December 6th 2019 sees the release of the dub companion to the critically-acclaimed Rainford album which came out in June 2019. On Heavy Rain, the Upsetter and co-producer Adrian Sherwood have produced a radical bass heavy re-version of the original tapes with a host of guest musicians including Brian Eno and Vin Gordon.
If Rainford is 2019’s Roast Fish, Collie Weed & Corn Bread then Heavy Rain is it’s Super Ape.
As well as highlighting the deft musicianship of the original backing band on the Rainford sessions (which include core On-U luminaries from Creation Rebel, Tackhead and Dub Syndicate) these re-works also invite some further players into the cosmic mix. Brian Eno makes an unexpected right channel entry into “Here Come The Warm Dreads”, a heavily processed sound system overhaul of Rainford highlight “Makumba Rock”, cheekily re-titled as a nod to Eno’s own debut solo album. This completes a circle started in 1981 with African Head Charge’s My Life In A Hole In The Ground similarly referencing the contemporary collaboration between Eno and David Byrne, and their “vision of a psychedelic Africa”.
Elsewhere, legendary trombonist Vin Gordon (one of the hornsmen on Bob Marley & The Wailers Exodus amongst many other classic sides) lends his distinctively woozy blowing to tracks such as “Rattling Bones And Crowns” (a late night flipside to “Kill Them Dreams Money Worshippers”) and “Crickets In Moonlight” (“Cricket In The Moon” refracted through some beautifully louche late summer heat haze lens). The likeliest contender to a title track, “Heavy Rainford” strips back the narrative from “Autobiography Of The Upsetter” to ride the rhythm with all sorts of mixing desk tricks, anchored by the killer “I Am The Upsetter” hook from LSK.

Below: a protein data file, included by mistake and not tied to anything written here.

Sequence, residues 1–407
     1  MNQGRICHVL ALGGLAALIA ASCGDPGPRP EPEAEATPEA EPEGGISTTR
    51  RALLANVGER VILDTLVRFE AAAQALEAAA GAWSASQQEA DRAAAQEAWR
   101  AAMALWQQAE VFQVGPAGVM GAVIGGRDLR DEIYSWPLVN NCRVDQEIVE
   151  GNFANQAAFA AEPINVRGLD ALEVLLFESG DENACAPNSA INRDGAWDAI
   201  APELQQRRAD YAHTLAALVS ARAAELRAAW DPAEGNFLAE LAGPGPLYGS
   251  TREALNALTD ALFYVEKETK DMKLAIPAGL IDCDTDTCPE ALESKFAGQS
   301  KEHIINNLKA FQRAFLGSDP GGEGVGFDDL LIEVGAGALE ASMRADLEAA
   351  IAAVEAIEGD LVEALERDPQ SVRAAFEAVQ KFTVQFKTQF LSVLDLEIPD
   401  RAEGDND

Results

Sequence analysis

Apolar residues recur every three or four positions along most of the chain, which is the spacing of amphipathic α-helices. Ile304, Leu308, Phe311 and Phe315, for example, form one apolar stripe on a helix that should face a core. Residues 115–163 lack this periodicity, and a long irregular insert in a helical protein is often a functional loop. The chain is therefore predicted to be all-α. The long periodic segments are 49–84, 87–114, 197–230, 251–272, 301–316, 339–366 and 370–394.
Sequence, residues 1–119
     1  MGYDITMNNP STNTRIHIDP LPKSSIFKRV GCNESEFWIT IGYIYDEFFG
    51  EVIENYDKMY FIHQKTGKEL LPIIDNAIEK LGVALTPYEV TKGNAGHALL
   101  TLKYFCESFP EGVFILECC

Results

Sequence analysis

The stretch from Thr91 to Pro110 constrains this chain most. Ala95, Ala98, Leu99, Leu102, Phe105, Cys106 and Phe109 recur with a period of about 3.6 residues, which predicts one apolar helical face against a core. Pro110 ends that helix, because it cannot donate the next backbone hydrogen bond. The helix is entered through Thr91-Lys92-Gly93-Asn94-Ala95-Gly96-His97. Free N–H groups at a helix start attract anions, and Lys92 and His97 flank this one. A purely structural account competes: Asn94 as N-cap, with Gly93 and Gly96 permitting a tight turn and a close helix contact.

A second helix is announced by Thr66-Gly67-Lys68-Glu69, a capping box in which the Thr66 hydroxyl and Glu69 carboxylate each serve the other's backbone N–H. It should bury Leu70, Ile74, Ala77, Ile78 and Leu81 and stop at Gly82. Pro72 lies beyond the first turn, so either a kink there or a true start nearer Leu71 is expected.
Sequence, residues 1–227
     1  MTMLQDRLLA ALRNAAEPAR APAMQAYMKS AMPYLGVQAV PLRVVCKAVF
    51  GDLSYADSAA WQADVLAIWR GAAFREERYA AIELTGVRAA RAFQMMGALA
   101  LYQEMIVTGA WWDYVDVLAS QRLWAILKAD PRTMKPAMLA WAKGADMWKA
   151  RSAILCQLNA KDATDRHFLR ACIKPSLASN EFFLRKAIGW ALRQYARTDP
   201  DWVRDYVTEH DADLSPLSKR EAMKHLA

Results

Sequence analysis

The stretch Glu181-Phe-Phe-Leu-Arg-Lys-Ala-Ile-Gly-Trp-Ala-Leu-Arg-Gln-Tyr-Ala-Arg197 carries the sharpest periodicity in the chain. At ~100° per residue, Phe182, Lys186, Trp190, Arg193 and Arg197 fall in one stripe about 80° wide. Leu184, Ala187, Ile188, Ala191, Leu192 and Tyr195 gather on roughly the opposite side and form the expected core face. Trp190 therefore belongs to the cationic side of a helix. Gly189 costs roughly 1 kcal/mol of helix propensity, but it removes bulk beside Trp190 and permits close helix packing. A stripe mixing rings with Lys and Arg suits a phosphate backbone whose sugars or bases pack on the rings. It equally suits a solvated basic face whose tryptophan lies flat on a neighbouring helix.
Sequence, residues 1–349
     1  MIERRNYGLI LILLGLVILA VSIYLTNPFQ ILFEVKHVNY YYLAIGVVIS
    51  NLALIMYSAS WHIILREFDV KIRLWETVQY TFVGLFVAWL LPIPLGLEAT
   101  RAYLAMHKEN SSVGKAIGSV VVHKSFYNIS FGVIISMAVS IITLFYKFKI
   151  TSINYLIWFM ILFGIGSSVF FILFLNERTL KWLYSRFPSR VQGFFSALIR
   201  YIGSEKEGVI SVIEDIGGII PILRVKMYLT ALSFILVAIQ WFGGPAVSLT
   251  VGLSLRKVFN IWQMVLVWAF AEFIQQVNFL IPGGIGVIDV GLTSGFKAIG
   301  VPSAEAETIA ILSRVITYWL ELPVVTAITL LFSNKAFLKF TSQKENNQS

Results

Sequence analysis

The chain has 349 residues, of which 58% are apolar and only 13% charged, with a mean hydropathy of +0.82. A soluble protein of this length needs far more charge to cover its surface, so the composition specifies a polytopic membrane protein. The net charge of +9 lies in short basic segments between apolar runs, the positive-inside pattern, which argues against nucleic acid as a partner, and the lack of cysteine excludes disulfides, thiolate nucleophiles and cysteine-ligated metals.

It’s important to note that it’s not all Rainford re-works though: “Dreams Come True” and “Above And Beyond” are Scratch and Sherwood originals, heard here for the first time and equally strong material for this purple patch in the career of an unstoppable Jamaican maverick and true musical pioneer.
Praise for Rainford:
“Rainford is a late-career answer to 1978’s Roast Fish, Collie Weed & Corn Bread and beyond all reasonable expectation, fully its equal” ★★★★★ – MOJO
“A dub icon’s victory lap” – Rolling Stone
“The tandem of Perry and Sherwood saddling up again elicits some of Sherwood’s furthest-in-leftfield productions and Perry’s most affecting musings.” – NPR
“After years spent trading on a bulletproof back catalog and eccentric persona, the Jamaican titan teams up with UK dub heavyweight Adrian Sherwood for a welcome return to form.” – Pitchfork
“On Rainford, Adrian Sherwood brings a sense of control and confidence, providing the perfect environment for Perry to remind us why he was so special in the first place.” – The Guardian
More about Lee “Scratch” Perry:
He began making music in the late 50s for Clement Coxsone Dodd’s label. Following a stint at Joe Gibbs’s Amalgamated Records, Perry formed his own imprint, Upsetter, in 1968.
In the early 1960s, Lee’s mixing board experiments resulted in the creation of dub. He is synonymous with his innovative production techniques and renowned for his studio band The Upsetters.
He was instrumental in launching the career of Bob Marley, producing many of the pre-Island Records Wailers sides, and working with him sporadically throughout his entire career, including 1977’s “Punky Reggae Party”, the same year that Perry worked on a session with the Clash for their “Compete Control” single.
In 1973, Perry built Black Ark studios, where he produced records for iconic musicians like Junior Byles, Junior Murvin, The Heptones, Susan Cadogan, The Congos and Max Romeo.
Perry has recorded with Keith Richards, The Beastie Boys, George Clinton, David Lynch, Andrew WK, Moby, Ari Up of The Slits, Bill Laswell, Tunde Adebimpe (TV On The Radio), Sly Dunbar, Brian Chippendale of Lightning Bolt, Mad Professor and porn star Sasha Grey.
In 2003 he won the best reggae album Grammy for Jamaican E.T.